Dr. Rintaro: Episodes 3-5


Dr. Rintaro hasn’t exactly been subtle about the topic of loneliness, practically shouting from the rooftops, “You’re never really alone!” every episode, but with Rintaro and Yumeno becoming closer, it finally learns how to show not tell.

Yumeno1 Yumeno2

As anyone would have figured, Yumeno is suffering from dissociative identity disorder. Yumeno is the assertive and tricky personality while the meek and quiet Akira is the original. The woman always hassling Akira for money is her mother, Ruriko who also used to work as a geisha while raising her daughter (I messed up in my initial review when I said that Masuda Ikumi was the one hassling Akira for money, Ikumi runs the geisha house and is Akira’s foster mother).


Running after men, Ruriko often left the young Akira alone and eventually abandoned her after becoming addicted to gambling, but when her mother came back into her life, Yumeno manifested as a way for Akira to cope with Ruriko’s demands and receive that motherly affection she never had (even if it’s fake). The line between Akira and Yumeno isn’t very distinct and that was one of the reasons I was reluctant to say that Akira had a mental illness; Yumeno’s sassy and charming, but all of her actions are driven subconsciously by Akira’s wants and desires. It can’t be a coincidence after all that Yumeno is very similar to Ruriko, who Akira used to emulate by putting on her clothes when she was younger. Yumeno’s protective of Akira and as soon as Rintaro starts putting two and two together, she doesn’t waste time in telling him to mind his own business.


Not that Rintaro is the type to listen to others. He’s determined to treat Akira no matter what, even if he doesn’t exactly know how to go about it. In one his chats with Araki, he worries about which personality to support, Akira or Yumeno, and it’s a valid question. Every time we’ve seen Akira, she’s nervous and scared and usually spends her time cooped up reading instead of interacting with people; Yumeno on the other hand is confident, successful, and easily makes connections. Wouldn’t it be better to let Yumeno take over? It sounds fine, in theory, but Yumeno’s existence is enabling Akira’s unhealthy relationship with Ruriko; letting her continue to exist would only hamper any chance of Akira breaking out of that childhood trauma.

As much as I like Yumeno, I’m ready to see more of Akira. Before Ruriko came back, it did sound like she had her life together and she has a strong support system with Ikumi and the other geishas.


I was very happy to see Ikumi tell Ruriko to stay away from Akira.

Akira just needs someone to help guide her towards being independent, and who else could help her but Rintaro?


Rintaro is empathetic to a fault, but it’s different when he’s with Yumeno/Akira and we finally find out why. The show’s been dropping hints for a while now, but it’s confirmed in episode five that Rintaro’s mother suffered from depression and committed suicide when he was in middle school. Like Akira, he’s craved that motherly affection as his mom was barely holding herself together and he beat himself up for not being able to save her. It’s no wonder that Rintaro is so obsessed with helping others and while it’s a way of coping for him, I think Rintaro needs to take a step back and realize that he can’t save everyone, at least not without consequences.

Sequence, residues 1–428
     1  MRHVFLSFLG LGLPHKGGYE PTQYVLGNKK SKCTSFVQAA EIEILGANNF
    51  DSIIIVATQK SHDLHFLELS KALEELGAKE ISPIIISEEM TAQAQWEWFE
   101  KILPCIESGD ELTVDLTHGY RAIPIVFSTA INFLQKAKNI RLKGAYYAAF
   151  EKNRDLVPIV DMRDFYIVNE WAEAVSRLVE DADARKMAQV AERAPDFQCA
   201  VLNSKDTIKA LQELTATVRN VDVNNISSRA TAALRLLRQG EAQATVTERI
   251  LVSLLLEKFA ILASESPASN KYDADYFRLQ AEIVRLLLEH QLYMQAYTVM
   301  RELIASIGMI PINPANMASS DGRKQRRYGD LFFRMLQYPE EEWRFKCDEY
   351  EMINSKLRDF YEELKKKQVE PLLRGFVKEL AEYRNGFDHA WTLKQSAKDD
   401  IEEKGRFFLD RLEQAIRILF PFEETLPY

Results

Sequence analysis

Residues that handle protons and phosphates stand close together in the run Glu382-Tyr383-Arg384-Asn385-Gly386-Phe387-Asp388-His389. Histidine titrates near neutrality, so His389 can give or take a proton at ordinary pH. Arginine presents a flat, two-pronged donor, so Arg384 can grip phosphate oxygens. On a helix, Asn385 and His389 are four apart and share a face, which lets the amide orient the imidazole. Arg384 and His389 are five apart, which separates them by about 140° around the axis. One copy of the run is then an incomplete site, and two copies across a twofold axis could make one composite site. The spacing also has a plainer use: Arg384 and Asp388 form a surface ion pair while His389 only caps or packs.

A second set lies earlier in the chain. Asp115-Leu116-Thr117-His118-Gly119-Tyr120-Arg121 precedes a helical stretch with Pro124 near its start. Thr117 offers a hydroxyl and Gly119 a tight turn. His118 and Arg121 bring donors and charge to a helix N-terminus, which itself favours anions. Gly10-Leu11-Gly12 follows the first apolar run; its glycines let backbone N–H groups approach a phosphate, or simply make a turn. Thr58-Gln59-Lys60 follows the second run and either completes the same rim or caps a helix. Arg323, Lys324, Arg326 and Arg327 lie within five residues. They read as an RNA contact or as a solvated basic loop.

I didn’t talk too much about Chairman Ennouji (Kohinata Fumiyo) in my first impressions because I didn’t know how he would fit into the grand scheme of things, but he’s Yumeno’s sponsor and Rintaro’s boss. Whenever Yumeno’s been in a tight spot for money, he’s come through, but he’s caught her in a lie more than once and knows something’s up. Ennouji’s been pretty level-headed so far and it seems like he has big plans in store for the hospital and Rintaro, but I imagine things won’t go well when he finds out Rintaro is still hanging around Yumeno since he already warned him once, dissociative identity disorder or not.


I don’t know if I’m supposed to feel sorry for Ruriko or not. She’s doesn’t care for Akira at all and even visits Rintaro in the hopes of getting money, but he doesn’t psychoanalyze her like he does with everyone else and flat out tells her she’s a crappy mom. But we spend a lot of episode five focusing on Takahashi’s patient who has a gambling addiction. It sounds like a redemption arc is in her future, but so far she’s been nothing short of horrible.

The cases for these episodes are pretty paint by numbers, but they’re more directly tied to our main characters and don’t feel too much like filler. I already mentioned episode five, but episode four focuses on Miyagawa’s patient, a former prima madonna who’s lost her husband and has started lying to gain attention. She neglects her young daughter, who naturally forms a bond with Akira. Besides giving us some insight into Akira, episode four was fun because there was some bonding between Miyagawa and Rintaro. It was funny watching Miyagawa break down and ask Rintaro for help and I loved the massage scene. In the end, Miyagawa is unable to make progress with his patient and Rintaro swoops in to save the day, but there might be hope for him yet.



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